A lot of the examples of the previously mentioned ‘traditional city’ have street patterns that do not rely on grids. And if you want to go somewhere in a straight line you basically have to use the arterials. The non-arterials will force you to go in a zig-zag.
I don’t think they’ve thought much of that through at the Philips Think Tank (on a par with the word renowned Ponds Institute no doubt)
It says the parks are needed to improve the air quality, yet the graphics has all the little houses with chimneys. Like every moron with a chimney are they blind to cause and effect?
The graphic is ridiculous on many levels, although some of its ridiculousness (such as the chimneys on the homes–wood burning fireplaces have been illegal in new homes where I live for years now) are probably symbolic rather than meant to be taken literally. Likewise for the big red barn in the lower left corner–while it’s probably meant to symbolize urban agriculture of some sort, that’s different from actually proposing that livestock be raised in close proximity to high-density urbanism.
There’s nothing wrong with making the minor streets through-streets. It’s easier to walk if you’re in an unfamiliar area. My love for the Manhattan grid comes not from being used to the US, but from being used to the arterial/side-street network of Tel Aviv and the cul-de-sac hell of Singapore. In such cities, it’s easy to get lost walking on side streets, even when such streets are quite lively, so I stick to arterials. A grid makes it easier to explore more streets.
Uptown Manhattan avoids turning every residential street into a highway in three ways. First and most importantly, it has very low car ownership and even lower car use, so that there isn’t as much traffic. Second, the side streets only have one car travel lane, or sometimes one car travel lane in each direction, so that they’re slow and drivers prefer the wider streets. And third, and least recommended for an urban area, there are parks blocking all but a few major streets, so that side streets are even less useful for through-traffic.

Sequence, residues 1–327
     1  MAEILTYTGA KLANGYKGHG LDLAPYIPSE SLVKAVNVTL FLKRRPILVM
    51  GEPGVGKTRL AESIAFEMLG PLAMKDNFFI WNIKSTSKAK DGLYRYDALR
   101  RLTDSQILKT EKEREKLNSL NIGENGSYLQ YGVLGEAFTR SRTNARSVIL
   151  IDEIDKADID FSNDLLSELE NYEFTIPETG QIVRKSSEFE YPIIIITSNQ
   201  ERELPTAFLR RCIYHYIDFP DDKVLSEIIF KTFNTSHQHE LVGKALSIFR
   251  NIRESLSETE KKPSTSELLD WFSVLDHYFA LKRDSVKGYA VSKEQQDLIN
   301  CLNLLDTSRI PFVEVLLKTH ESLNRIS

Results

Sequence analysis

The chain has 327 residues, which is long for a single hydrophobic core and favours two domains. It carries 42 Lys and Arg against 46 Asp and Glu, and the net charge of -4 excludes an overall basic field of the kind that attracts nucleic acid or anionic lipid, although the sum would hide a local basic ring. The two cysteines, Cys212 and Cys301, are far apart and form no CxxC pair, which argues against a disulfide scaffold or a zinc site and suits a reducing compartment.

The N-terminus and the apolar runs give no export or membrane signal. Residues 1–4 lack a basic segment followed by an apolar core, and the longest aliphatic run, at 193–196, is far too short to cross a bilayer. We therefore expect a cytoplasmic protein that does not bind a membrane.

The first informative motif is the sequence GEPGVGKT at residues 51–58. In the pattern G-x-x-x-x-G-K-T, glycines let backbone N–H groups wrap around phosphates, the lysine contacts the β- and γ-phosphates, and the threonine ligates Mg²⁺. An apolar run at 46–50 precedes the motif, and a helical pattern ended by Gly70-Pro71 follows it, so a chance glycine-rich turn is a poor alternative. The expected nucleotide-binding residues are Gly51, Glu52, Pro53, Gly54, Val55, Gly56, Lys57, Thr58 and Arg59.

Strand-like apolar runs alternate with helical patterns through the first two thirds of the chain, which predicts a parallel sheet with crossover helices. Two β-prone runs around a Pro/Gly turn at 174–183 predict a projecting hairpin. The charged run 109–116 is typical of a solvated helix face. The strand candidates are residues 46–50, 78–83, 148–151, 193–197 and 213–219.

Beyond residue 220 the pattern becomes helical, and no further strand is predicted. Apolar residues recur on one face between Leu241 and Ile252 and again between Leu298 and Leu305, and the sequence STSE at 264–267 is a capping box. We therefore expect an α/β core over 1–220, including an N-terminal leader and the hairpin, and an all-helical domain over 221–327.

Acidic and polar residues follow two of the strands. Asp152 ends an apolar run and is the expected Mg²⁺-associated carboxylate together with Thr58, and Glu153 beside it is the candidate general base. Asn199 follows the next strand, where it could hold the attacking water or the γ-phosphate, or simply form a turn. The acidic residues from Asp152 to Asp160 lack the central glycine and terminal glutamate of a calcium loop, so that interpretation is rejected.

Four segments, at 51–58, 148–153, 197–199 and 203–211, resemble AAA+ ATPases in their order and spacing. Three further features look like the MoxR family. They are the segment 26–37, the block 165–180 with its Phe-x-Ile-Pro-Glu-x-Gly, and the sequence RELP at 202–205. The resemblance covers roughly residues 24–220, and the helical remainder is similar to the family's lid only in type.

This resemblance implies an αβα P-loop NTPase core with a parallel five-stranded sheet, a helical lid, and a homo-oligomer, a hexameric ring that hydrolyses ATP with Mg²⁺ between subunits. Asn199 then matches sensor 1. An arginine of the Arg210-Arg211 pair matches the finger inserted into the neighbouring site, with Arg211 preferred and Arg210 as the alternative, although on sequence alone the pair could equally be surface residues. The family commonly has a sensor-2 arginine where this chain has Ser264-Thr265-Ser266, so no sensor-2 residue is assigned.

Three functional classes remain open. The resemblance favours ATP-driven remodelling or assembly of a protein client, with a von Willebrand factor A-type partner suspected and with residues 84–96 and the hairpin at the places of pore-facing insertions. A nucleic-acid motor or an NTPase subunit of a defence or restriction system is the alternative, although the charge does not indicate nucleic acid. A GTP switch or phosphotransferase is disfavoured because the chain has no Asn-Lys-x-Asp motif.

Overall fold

I wasn’t complaining about grids at all; I think grids are an excellent way to efficiently lay out a city if you’re lucky enough to be able to plan it in advance. Having a grid does not require every street to be built for heavy auto traffic. For “traditional cities” with regular grids of streets narrower than any in New York above 14th, see New Orleans’ French Quarter, Kyoto, Mannheim, or Antigua Guatemala. If the residential streets are narrow enough to make driving on them slow and unpleasant, auto through traffic will avoid them even it means taking a less direct route on a wider boulevard.
Sure, but what I’m saying is that in a large, dense city, 60 feet is too narrow for pleasant driving. Ultimately, in a city road width needs to be enough for fire trucks (which is wider than some Tokyo streets), plus either on- or off-street parking, plus some sidewalks. If the parking is on-street, it adds up to not much less than 60 feet. Going up to 60 doesn’t make driving pleasant enough that people do it voluntarily; people only drive on one-way Manhattan streets when they absolutely have to.